Jewelry maker Rodey Guerro with some of his creations on the central plaza sidewalk in Santa Fe, New Mexico.
Carrie Jung

But, she added, true collectors understand that, and most will be willing to pay for the best rocks no matter what the price is. This type of market has manifested itself in several ways for the Native artisans who work with turquoise to make a living.

“If you’re good, there will be buyers,” said Ingram. She explained that the best artists can raise their prices with the cost of their raw materials and still have a customer base willing to pay.

But not every artist has clientele with an unlimited budget. Many are keeping their prices in check by using more silver in their work, like Cochiti/Zuni silversmith Robert Eustace Jones.

“I’ve adapted,” he said. “Now I use my stones very sparingly.”

Thanks to falling silver prices, Jones said, he can still make pieces he’s proud of without raising his prices too much, but it does come at a personal cost.

“It’s impacted my personal creativity,” he said. “I have a lot of great ideas, and I can no longer make those designs because I don’t have the material to make them.”

But not every artist has taken that approach.

“Most of them can’t afford that level of [natural] turquoise today. And slowly that level of market has gone to stabilized,” explained Lewis

Only 3 to 4 percent of the turquoise that comes out of mines is hard enough to be processed for jewelry and other uses.
Carrie Jung

Stabilized turquoise makes up more than 95 percent of the turquoise on the market. Unlike natural turquoise, stabilized turquoise starts out too soft to be manipulated into jewelry. Those who use it must treat it, or stabilize it, with epoxy before working with it.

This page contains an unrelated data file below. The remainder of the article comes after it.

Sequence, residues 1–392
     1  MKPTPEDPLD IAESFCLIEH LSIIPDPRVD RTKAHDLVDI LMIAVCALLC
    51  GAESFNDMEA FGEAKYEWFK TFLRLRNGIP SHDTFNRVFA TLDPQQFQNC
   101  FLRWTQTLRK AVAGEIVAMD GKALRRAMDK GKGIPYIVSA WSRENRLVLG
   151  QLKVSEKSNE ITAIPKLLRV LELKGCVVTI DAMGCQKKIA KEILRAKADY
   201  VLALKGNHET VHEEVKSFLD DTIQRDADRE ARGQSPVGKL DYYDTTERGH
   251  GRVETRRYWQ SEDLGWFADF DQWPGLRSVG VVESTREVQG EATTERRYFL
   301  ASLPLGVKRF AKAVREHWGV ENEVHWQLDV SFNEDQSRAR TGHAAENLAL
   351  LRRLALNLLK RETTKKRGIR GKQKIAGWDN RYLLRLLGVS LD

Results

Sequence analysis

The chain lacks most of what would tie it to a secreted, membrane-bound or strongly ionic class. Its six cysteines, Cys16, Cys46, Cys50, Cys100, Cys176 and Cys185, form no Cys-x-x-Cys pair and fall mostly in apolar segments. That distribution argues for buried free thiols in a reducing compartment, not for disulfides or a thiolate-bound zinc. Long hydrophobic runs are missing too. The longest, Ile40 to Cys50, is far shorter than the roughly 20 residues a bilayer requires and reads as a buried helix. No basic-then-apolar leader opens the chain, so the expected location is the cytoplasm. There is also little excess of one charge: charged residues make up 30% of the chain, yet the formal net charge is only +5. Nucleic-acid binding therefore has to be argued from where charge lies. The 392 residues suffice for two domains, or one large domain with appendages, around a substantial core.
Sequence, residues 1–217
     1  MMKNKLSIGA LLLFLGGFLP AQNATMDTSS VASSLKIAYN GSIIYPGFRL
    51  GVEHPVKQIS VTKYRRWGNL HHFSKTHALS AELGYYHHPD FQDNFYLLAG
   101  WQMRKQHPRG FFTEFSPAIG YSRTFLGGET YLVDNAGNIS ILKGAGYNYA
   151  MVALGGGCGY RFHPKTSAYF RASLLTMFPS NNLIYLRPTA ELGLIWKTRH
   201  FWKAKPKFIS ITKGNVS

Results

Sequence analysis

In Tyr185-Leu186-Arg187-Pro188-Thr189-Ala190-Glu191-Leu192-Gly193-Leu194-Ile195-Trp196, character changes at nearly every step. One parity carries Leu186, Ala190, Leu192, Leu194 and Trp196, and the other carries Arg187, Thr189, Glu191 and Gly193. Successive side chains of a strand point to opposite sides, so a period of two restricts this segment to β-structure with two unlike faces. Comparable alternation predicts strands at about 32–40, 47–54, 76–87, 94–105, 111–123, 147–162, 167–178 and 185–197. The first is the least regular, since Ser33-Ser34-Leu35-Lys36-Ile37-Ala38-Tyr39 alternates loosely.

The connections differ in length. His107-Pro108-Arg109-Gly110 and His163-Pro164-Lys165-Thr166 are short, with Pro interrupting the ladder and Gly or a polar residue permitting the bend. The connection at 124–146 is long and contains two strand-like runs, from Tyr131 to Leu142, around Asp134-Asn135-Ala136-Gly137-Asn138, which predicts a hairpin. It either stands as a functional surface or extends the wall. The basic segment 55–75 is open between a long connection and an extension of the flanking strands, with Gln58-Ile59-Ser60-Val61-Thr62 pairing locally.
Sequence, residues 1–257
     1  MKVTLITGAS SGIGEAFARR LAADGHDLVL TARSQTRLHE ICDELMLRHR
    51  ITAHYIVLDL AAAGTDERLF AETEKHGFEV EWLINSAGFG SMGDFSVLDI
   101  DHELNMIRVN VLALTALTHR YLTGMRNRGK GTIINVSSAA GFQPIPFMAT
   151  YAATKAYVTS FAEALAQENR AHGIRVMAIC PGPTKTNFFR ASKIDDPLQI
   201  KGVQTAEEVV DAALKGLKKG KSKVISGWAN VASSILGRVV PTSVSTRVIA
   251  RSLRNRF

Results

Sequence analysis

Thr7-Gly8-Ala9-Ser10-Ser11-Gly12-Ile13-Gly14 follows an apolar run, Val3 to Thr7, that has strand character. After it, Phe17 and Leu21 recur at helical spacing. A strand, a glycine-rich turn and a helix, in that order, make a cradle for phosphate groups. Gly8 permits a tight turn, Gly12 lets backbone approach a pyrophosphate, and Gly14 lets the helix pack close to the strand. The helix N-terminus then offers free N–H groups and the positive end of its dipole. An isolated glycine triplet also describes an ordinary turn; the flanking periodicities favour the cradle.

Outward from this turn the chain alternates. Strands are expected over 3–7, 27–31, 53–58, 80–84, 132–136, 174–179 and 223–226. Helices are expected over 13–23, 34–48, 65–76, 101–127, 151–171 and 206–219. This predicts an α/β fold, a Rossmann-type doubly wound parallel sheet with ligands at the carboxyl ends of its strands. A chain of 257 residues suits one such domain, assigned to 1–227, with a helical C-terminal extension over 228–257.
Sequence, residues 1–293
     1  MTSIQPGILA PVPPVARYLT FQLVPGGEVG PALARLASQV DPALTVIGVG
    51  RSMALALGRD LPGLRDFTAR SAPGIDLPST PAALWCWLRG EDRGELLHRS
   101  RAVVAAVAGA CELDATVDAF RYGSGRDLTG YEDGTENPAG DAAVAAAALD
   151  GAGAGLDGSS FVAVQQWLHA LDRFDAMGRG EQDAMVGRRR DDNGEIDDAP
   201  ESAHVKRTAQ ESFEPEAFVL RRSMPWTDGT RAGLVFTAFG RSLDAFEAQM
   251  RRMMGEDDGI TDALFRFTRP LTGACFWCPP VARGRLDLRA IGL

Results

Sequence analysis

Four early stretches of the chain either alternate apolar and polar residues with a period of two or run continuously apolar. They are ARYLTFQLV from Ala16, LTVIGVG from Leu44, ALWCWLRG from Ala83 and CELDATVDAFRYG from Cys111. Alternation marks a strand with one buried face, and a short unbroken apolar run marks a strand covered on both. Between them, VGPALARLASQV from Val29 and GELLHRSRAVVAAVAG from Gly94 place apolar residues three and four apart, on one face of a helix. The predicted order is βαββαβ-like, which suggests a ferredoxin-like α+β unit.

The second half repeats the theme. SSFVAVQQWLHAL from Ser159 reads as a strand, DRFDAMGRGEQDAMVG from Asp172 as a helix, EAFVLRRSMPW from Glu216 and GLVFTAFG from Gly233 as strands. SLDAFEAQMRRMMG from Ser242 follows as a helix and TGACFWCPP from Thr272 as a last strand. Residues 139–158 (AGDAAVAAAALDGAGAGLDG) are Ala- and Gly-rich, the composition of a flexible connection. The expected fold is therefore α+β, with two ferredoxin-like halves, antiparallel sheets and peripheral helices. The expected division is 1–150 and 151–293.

For the untrained eye, it can be hard to tell the difference between natural and stabilized turquoise. From a market perspective, Lewis said, there’s nothing wrong with using it, but because the product is of lesser quality, it needs to be disclosed to buyers.

“I think this Southwestern region has a significant number of jewelers who work professionally or work with collaborators and really provide for their families with the use of their art,” said Dallin Maybee, chief operating officer for the Southwestern Association for Indian Arts.  He explained that while demand for turquoise is growing worldwide, it’s a major part of the cultural identity in the Southwest. And for many Native artisans in the region, it’s also an important source of income.

The exact size of the Native arts and crafts industry is unclear and remains very hard to track, as many of the transactions tend to be done in cash or other forms of trade.

A recent survey conducted by the Indian Arts and Crafts Association suggests that nationwide, it could be generating as much as $150 million a year, though association officials maintain that even that is a very rough estimate. As far as the market impact goes, various tribal craft organizations, such as the Zuni Pueblo, say the increasing cost of turquoise is cutting into their artists’ bottom line.

Turquoise is not just worn but also used in ceremonies, says Mae Peshlakai, a Navajo silversmith.
Carrie Jung

But industry size aside, Maybee said, maintaining a robust arts and crafts industry comes with certain benefits for tribal members. 

“With a jewelry studio, you can do that anywhere,” he said. “They don’t have to leave to make a living.”Maybee explained that the ability to work from home allows artists to stay close to their community and keep their cultural ties and identity strong.  “That sense of community happens there, with that connection to that land,” he said.

But while turquoise can play a significant economic role in many Southwestern tribal cultures today, the connection to the stone itself goes even deeper for the Navajo people.

“We have four sacred stones, and the No. 1 is turquoise,” explained Navajo silversmith Mae Peshlakai.

For the Navajo, the stone is not just worn. It’s also used in ceremonies and to make offerings. Peshlakai added that, for many, it’s a reminder to keep life in balance.

“It’s your connection to Mother Earth and Father Sky and living in harmony with everything that exists in between,” she said.


Related News

Find Al Jazeera America on your TV

Get email updates from Al Jazeera America

Sign up for our weekly newsletter


Get email updates from Al Jazeera America

Sign up for our weekly newsletter